Kyle Rittenhouse conducts random draw, seating 7 women and 5 men for his jury

NBC News

Kyle Rittenhouse on Tuesday randomly selected the seven women and five men who will decide whether he should be held criminally responsible for gunning down two men during a social justice protest in Wisconsin last year.

The Kenosha jury was picked from a pool of 18 people who sat through two weeks of testimony and arguments in a case that’s drawn national attention and sparked debate on gun rights and race.

Rittenhouse himself randomly drew six juror numbers out of a tumbler, which resulted in the 12 selected to decide his fate.

The defendant from nearby Antioch, Illinois, reached into the brown tumbler and pulled out six pieces of paper, one at a time. Each had a number that corresponded with a prospective juror.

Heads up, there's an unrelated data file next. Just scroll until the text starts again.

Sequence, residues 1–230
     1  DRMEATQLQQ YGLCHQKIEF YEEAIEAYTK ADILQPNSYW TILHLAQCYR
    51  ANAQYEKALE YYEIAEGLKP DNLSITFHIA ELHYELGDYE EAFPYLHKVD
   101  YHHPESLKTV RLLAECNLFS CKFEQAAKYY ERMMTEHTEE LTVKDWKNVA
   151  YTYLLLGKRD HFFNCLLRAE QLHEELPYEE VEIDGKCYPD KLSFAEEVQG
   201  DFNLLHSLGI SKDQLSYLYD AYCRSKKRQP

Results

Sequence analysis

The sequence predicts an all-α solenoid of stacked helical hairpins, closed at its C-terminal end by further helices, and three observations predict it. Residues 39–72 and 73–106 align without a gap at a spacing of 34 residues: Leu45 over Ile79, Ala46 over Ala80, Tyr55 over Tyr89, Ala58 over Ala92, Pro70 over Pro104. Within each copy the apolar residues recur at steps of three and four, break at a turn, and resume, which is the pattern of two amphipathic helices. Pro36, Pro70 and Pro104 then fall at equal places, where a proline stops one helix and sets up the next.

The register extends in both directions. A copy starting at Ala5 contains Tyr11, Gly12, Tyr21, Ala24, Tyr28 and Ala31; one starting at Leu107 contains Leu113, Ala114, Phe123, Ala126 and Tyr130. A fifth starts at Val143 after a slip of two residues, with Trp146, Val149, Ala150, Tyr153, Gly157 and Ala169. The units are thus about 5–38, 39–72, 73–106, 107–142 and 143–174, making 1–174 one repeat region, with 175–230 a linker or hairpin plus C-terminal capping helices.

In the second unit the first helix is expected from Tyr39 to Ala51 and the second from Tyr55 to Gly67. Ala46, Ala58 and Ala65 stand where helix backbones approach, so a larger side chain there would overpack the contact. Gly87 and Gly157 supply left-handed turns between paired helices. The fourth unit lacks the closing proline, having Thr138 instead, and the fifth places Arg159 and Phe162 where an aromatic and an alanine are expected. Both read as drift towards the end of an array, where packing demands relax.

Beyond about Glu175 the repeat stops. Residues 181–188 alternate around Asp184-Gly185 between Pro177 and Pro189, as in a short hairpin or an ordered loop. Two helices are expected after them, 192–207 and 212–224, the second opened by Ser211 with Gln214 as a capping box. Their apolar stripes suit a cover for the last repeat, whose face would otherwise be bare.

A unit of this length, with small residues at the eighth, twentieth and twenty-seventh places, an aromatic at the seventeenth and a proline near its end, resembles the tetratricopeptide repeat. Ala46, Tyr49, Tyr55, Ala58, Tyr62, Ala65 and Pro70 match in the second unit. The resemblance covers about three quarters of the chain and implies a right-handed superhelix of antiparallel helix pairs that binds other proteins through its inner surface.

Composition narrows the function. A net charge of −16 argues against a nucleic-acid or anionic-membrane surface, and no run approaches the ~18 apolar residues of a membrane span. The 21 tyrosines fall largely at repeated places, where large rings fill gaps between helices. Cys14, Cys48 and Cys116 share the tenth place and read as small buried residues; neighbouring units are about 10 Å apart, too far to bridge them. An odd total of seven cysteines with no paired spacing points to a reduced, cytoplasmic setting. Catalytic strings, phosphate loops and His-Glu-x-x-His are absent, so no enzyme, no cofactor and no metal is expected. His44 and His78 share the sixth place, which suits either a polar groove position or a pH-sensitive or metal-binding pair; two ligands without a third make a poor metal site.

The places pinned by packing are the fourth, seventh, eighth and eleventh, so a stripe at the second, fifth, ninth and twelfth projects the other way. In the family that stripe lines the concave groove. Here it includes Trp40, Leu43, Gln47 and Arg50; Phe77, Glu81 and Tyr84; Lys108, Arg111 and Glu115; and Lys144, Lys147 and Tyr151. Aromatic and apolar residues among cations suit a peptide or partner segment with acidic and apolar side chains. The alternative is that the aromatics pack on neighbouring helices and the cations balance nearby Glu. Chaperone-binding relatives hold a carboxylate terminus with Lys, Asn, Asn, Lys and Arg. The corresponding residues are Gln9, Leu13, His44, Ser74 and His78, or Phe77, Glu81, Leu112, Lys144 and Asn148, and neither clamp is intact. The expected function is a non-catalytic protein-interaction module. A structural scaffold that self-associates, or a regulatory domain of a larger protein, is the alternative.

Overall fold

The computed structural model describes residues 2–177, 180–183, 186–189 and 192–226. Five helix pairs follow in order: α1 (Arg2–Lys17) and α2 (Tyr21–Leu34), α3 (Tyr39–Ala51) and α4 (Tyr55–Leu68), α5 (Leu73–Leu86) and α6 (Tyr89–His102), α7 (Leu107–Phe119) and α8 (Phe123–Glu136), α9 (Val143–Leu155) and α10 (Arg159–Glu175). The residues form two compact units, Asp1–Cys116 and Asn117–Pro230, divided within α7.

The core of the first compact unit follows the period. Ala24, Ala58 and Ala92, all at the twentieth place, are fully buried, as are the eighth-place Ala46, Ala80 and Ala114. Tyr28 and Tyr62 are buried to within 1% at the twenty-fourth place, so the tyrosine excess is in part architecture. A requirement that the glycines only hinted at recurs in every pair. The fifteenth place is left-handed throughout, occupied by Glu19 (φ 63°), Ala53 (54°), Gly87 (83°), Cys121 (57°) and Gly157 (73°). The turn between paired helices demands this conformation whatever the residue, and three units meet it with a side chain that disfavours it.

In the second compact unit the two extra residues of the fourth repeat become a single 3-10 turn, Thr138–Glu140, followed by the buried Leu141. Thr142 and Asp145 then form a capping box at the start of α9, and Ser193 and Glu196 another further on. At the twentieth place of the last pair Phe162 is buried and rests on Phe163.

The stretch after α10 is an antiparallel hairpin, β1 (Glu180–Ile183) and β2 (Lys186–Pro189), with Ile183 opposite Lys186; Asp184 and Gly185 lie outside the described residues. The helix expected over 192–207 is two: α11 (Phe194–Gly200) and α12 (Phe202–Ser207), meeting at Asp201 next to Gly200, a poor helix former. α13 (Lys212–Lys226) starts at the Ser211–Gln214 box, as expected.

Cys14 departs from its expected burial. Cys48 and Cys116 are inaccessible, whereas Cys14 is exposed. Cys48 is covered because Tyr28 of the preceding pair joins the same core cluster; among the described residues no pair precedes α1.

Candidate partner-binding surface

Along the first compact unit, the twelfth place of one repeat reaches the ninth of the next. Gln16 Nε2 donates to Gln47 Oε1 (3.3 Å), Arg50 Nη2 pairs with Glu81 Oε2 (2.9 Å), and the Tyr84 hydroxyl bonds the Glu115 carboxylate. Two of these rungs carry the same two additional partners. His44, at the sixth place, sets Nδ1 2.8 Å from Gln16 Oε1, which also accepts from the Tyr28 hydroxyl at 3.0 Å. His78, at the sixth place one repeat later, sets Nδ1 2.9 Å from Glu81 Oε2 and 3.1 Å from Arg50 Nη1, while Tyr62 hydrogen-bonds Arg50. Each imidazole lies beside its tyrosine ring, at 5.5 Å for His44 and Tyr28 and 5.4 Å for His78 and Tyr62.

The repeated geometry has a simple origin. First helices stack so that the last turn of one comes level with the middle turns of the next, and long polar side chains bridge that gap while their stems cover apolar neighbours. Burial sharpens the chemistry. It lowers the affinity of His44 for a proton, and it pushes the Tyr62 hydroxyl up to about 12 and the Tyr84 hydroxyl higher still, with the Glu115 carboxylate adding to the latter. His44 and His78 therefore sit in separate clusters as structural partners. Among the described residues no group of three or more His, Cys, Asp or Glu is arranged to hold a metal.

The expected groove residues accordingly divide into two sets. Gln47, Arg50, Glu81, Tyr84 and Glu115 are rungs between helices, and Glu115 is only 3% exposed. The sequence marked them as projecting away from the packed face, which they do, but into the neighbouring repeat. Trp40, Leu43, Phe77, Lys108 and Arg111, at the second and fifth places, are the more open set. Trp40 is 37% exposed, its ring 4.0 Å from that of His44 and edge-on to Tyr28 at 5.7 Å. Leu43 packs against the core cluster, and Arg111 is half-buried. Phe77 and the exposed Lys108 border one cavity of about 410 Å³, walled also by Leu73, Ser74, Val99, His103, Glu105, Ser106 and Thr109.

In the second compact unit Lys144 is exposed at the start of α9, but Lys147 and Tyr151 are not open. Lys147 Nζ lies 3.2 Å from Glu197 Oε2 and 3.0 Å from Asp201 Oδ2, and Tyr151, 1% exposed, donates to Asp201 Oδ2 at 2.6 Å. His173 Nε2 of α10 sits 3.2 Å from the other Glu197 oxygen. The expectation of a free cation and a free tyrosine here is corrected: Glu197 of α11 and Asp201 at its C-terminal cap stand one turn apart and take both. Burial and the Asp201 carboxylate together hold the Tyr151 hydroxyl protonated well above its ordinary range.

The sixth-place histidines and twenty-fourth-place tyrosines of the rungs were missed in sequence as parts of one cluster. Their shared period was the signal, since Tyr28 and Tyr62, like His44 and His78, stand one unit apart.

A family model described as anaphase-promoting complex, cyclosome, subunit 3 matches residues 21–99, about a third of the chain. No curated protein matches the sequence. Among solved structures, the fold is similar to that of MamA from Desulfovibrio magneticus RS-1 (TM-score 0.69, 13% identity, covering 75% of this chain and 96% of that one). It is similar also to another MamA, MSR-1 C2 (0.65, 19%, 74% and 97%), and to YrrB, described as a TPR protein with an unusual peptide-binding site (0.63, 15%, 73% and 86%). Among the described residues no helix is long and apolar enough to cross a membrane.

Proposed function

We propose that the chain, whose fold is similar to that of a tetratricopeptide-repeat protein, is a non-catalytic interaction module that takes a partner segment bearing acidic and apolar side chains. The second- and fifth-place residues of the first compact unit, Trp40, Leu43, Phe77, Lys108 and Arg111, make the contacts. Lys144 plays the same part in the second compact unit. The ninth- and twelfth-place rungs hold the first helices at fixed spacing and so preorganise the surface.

Rittenhouse carefully placed those pieces of paper on the defense table before a court official collected them and showed them to prosecutors.

All but one juror appeared to be white, with one man apparently a person of color.

As jurors were sent away to deliberate, Judge Bruce Schroeder told lawyers on both sides to stay within 10 minutes of the courthouse in case the panel has a question they’ll need to debate.

Schroeder later told reporters he’d give all parties about an hour of notice between the time jurors reach their verdicts and having those findings read out loud in court.

The judge also said he wouldn’t set a time on when deliberations needed end on any given day. During the trial, testimony usually ended at about 5 p.m. on most days.

Rittenhouse was 17 when he joined other armed volunteers who were protecting private property in Kenosha during the Aug. 25, 2020, social justice protest following the police shooting of Jacob Blake, a Black man.


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